Regional Reviews: Phoenix
Hatcher sets his play in a fictional Oklahoma high school in 1976. Richard Miller has returned to his old school determined to find a way to get his students to learn about democracy, but not just by reading about it. He clashes with fellow teacher Glenda Dunlope who is set in her ways and still treats him like a former student. She insists he has a lesson plan, but he hasn't created one so he comes with the idea for an experiment instead. By having his students play a game in which they play drug dealers, buyers, cops, narcs and lawyers, using Good & Plenty candy instead of drugs that they buy with Monopoly money, Miller figures it would be the perfect way to teach the kids about democracy and the criminal justice system. Drugs in a high school? What could possibly go wrong?
Hatcher's script is well written with some very funny bits and even funnier characters. It's a humorous political satire that also comments on how things that were relevant in the 1970sgas prices, tension in the Middle east, the war on drugs, the idea of having to be the "winner"were relevant when he wrote the play in 2007. Strangely enough, they are also things we still focus on today.
Director Ron May keeps the frenzy at a fever pitch with an incredibly gifted cast of students, with all but one of the talented group playing multiple parts with skill and a sometimes split second change from one character to the next with expert precision.
As Miller, Ryan Marcham is energetic and engaging. He keeps an even keel throughout, even while the craziness of the experiment backfires around him. Zach Fagan and Dolores Mendoza play several teachers and faculty members. Fagan is a hoot as the principal and a couple of very different teachers while Mendoza is exceptional as Miller's arch nemesis Dunlope and the Spanish teacher who doesn't quite know the language. Her take on Dunlope has a rich sweetness beneath the character's bitter exterior.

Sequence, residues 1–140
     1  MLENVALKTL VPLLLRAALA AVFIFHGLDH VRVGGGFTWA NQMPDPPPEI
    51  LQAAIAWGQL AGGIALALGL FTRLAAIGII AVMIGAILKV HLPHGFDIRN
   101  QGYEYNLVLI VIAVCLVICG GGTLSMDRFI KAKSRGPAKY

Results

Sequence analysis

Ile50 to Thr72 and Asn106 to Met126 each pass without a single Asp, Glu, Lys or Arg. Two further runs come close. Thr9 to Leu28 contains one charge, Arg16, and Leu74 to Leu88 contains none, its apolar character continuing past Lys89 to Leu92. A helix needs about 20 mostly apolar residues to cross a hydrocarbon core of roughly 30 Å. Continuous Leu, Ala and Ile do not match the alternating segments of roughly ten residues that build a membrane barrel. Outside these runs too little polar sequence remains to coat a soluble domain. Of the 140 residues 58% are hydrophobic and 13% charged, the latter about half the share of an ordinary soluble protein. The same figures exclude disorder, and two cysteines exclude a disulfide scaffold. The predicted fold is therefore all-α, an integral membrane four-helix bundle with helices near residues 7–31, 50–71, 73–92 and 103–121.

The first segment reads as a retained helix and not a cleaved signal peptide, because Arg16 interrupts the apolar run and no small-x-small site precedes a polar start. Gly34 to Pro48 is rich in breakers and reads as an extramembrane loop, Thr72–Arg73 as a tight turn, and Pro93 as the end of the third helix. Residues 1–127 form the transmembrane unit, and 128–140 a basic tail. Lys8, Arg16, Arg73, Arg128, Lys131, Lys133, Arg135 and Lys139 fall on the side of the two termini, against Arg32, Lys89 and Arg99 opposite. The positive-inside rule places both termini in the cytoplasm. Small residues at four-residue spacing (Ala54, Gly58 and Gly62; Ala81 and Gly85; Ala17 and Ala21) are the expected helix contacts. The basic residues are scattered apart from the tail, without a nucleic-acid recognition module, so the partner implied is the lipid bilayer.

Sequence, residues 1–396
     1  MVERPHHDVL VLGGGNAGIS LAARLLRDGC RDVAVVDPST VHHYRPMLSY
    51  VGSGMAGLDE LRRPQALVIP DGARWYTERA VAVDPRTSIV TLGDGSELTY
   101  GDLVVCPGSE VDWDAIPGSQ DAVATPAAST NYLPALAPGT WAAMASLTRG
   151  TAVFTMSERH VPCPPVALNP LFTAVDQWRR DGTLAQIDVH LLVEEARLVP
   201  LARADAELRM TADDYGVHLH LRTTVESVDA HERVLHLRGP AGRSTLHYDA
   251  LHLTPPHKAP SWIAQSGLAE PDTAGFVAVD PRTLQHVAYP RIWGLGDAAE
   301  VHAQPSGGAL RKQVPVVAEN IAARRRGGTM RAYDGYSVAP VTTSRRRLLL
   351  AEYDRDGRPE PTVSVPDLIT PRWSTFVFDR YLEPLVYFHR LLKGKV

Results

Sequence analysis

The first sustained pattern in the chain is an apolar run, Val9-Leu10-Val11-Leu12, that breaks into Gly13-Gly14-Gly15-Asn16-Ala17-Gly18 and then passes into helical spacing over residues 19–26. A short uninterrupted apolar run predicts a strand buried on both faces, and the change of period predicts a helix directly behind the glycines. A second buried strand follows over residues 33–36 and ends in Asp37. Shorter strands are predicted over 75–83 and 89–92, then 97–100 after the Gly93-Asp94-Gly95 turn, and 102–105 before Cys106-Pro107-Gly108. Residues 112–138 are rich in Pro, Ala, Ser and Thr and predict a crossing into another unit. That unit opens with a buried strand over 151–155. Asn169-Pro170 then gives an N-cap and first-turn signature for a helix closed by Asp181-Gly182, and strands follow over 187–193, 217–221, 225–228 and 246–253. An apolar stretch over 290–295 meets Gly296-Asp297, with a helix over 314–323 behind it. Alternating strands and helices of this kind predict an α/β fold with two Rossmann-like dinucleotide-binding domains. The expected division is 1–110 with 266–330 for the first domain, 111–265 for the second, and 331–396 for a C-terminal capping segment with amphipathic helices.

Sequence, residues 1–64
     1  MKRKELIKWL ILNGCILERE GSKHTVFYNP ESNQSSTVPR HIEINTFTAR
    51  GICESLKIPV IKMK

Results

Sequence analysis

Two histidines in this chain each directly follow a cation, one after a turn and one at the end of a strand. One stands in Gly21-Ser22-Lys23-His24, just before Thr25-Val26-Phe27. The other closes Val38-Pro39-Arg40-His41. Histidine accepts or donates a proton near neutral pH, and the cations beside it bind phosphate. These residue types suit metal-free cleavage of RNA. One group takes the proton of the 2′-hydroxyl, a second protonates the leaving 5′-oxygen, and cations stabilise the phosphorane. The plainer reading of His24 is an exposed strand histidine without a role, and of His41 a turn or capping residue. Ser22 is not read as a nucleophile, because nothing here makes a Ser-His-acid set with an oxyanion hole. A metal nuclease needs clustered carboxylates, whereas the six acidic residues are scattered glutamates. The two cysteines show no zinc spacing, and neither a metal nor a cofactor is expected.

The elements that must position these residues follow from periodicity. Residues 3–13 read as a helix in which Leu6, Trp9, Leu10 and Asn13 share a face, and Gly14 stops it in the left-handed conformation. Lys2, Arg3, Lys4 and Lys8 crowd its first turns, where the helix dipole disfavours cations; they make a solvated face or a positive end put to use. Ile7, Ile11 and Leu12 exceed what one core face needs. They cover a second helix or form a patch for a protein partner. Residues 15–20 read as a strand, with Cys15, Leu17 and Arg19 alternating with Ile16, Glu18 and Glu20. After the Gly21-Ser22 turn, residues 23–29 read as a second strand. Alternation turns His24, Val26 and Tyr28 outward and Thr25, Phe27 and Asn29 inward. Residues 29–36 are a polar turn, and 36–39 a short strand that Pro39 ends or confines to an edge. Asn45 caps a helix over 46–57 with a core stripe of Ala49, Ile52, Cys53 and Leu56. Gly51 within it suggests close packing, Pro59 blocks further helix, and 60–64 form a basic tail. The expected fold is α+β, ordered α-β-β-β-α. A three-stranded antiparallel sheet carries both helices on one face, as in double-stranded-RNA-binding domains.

The rest of the cast play all of the students in Miller's class. Hatcher's script features characters for each actor to play that are almost complete opposites of each other and the MCC cast has a lot of fun in playing these very different students. Samantha Hanna is exceptional as Cindy Hlivko, the manipulating student who will do anything to nudge out her rival for valedictorian, as well as an exchange student from Bulgarian who learned English from pop songs and only speaks in song lyrics. Tom J. McCoy plays both the class jock and class nerd with adept dexterity while Brittney Watson's take on the class sexpot is as excellent as her portrayal of the needy class clown. Anthony Muldrow plays the school's two black students, one of whom is in a tie with Cindy for valedictorian and who plays a drug dealer in the class game, and the other black student who is an actual drug dealer. Steven May is a hoot as a pair of twin brothers.
Under May's expert guidance the cast delivers portrayals that aren't just pitch perfect representations of these high school archetypes but are also utterly hilarious. There isn't a weak link in this gifted cast.
The set design by Dillon Blaise Wright and Gina Hoyt evokes a fun riff on a high school gymnasium while Cheyenne Phillips and Elana Shearer's costumes and the hair and make-up designs of Laurence Lilagan deliver the best and worst of the '70s styles. The costume and prop designs by Harrison Hayes also allow each actor to use just one simple item, such as a pair of cat eye glasses, a scarf, or a hat, and their keen acting abilities to transform from one student/teacher to the next with ease.
Good 'N' Plenty is a sharp political satire. MCC's production lets us laugh at the past and examine our system of government with a sensational cast and expert direction that provide a very humorous look back at the 1970s and a fun, zany twist on the madness of high school.
The Mesa Community College production of Good 'N' Plenty runs through December 10th, 2016, with performances at the MCC Southern & Dobson Campus at 1833 W. Southern Avenue in Mesa. Information for upcoming productions can be found at www.mesacc.edu/departments/communication-theatre-film-arts/theatre-film-arts.
Directed by Ron May